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This confused me,

$$\lim_{n \to \infty} x^{1 + \frac{1}{2n-1}} = x \lim_{n \to \infty}x^{\frac{1}{2n-1}}=|x| $$

Which means $$\lim_{n \to \infty}x^{\frac{1}{n}} = \left\{ \begin{array}{lr} 1 & : x > 0\\ -1 & : x < 0\\ 0 & : x = 0 \end{array} \right.$$

Rudin gives an easy proof as to why this works when x is nonnegative, but when x is negative I don't know how to deal with fractional powers of negative numbers. Is this something I simply can't do without further reading or am I being stupid?

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Jonas Meyer: I can see why you would think so. I made a jump in reasoning there and Raymond explains why it was incorrect. – StuartHa Jan 10 '12 at 20:12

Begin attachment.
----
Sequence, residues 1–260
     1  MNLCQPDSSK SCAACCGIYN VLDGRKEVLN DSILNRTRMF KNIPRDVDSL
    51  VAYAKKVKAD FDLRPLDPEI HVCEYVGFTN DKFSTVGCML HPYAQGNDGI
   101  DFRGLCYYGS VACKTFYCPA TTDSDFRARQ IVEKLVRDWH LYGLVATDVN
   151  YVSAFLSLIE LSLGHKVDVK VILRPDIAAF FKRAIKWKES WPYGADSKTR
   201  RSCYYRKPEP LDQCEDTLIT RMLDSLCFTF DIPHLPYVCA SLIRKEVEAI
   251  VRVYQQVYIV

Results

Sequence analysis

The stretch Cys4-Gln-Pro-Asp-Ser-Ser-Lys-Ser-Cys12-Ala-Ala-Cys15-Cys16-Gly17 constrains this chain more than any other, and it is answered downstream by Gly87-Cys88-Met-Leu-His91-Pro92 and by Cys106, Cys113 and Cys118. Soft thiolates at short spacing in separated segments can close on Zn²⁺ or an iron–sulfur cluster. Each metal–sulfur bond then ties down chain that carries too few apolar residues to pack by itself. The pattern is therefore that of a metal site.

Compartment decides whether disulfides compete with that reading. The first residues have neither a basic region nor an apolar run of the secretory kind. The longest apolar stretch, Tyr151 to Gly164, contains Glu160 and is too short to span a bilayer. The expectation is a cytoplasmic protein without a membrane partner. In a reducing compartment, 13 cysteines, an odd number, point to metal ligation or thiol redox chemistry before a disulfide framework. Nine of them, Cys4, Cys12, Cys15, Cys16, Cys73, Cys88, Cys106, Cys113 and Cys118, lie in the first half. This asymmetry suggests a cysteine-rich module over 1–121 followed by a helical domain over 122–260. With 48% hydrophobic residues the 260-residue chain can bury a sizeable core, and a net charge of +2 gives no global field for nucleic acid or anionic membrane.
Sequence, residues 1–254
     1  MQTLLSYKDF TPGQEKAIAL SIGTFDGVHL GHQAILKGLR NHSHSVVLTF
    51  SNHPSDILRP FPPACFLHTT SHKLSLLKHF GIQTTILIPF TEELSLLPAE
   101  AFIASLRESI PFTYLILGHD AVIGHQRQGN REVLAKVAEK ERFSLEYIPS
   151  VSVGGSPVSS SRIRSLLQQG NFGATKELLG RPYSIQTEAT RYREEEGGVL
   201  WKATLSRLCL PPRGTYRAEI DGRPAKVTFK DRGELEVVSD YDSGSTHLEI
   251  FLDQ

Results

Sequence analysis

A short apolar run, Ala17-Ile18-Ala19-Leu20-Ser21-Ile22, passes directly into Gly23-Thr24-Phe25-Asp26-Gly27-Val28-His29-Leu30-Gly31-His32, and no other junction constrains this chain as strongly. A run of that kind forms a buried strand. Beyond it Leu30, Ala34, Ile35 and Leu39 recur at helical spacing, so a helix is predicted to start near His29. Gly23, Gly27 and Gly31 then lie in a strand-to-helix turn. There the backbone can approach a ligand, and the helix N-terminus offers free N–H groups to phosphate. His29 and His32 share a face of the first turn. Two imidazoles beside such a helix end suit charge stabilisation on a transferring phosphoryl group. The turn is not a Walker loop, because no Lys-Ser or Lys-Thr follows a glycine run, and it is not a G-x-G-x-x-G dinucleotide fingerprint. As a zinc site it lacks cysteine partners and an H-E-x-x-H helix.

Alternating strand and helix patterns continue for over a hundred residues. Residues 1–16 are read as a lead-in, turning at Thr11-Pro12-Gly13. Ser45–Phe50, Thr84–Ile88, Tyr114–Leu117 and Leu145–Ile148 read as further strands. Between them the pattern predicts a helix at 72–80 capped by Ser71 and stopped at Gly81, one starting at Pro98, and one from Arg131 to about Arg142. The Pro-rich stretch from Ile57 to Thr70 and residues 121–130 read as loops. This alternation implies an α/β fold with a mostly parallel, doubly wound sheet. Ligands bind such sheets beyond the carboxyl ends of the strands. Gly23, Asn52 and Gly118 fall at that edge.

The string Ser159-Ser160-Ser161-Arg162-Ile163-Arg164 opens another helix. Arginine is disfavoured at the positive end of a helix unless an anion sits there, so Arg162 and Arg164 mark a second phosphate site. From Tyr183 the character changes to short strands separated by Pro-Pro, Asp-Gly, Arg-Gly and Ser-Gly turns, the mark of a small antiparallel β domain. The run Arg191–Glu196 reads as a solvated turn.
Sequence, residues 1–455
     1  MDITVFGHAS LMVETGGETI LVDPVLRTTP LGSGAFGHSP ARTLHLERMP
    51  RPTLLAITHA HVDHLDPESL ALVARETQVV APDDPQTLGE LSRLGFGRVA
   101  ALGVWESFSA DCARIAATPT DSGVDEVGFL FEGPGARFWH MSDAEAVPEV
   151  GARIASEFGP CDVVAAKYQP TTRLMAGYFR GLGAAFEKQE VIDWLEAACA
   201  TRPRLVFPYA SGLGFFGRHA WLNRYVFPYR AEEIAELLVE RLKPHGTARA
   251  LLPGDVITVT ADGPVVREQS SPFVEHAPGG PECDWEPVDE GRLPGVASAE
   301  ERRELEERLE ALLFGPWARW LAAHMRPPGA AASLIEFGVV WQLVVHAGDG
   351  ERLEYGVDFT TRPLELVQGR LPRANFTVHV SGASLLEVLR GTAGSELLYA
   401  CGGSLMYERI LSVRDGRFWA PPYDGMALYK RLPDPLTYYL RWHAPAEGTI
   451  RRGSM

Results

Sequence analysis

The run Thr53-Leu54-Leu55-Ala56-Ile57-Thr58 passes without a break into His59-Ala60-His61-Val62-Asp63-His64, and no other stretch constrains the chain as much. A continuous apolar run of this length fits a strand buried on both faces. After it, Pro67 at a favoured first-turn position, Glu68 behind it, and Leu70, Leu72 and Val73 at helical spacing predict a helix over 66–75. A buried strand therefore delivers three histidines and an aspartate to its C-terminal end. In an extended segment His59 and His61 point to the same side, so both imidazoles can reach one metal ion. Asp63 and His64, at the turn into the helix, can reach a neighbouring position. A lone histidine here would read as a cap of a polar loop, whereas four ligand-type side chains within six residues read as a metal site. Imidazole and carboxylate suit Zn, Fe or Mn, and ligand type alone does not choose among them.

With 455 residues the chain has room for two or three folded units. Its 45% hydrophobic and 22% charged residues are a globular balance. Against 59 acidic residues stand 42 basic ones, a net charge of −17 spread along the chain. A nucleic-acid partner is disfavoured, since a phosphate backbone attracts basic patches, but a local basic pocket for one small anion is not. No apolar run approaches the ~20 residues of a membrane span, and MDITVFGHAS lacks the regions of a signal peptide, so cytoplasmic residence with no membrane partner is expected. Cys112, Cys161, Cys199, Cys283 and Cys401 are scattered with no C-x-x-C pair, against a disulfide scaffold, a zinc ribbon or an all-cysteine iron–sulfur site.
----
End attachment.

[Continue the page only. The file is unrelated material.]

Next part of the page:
Fixed. Thanks.. – StuartHa Jan 10 '12 at 20:49
up vote 5 down vote accepted

Note that Rudin was cautious since he had $\lim_{n \to \infty}x^{\frac{1}{2n-1}}$ so that he always considered a $(2n-1)$th (odd!) root of x.

Your inference is wrong : this doesn't mean that $\lim_{n \to \infty}x^{\frac{1}{n}}$ is $1$ or $-1$ depending of the sign of $x$. If $x\lt0$ this last limit doesn't exist because the (2n)-th root is not defined in $\mathbb{R}$.

I think that Rudin's point was that $$\lim_{n \to \infty}x^{\frac{1}{2n-1}} = \left\{ \begin{array}{lr} 1 & : x > 0\\ -1 & : x < 0\\ 0 & : x = 0 \end{array} \right.$$

which is true (keeping the parity of n is vital!).

To understand what's going on just consider an example : $a_n=(-2)^{\frac{1}{2n-1}}$ you'll get a number closer and closer to $-1$ as $n \to \infty$.

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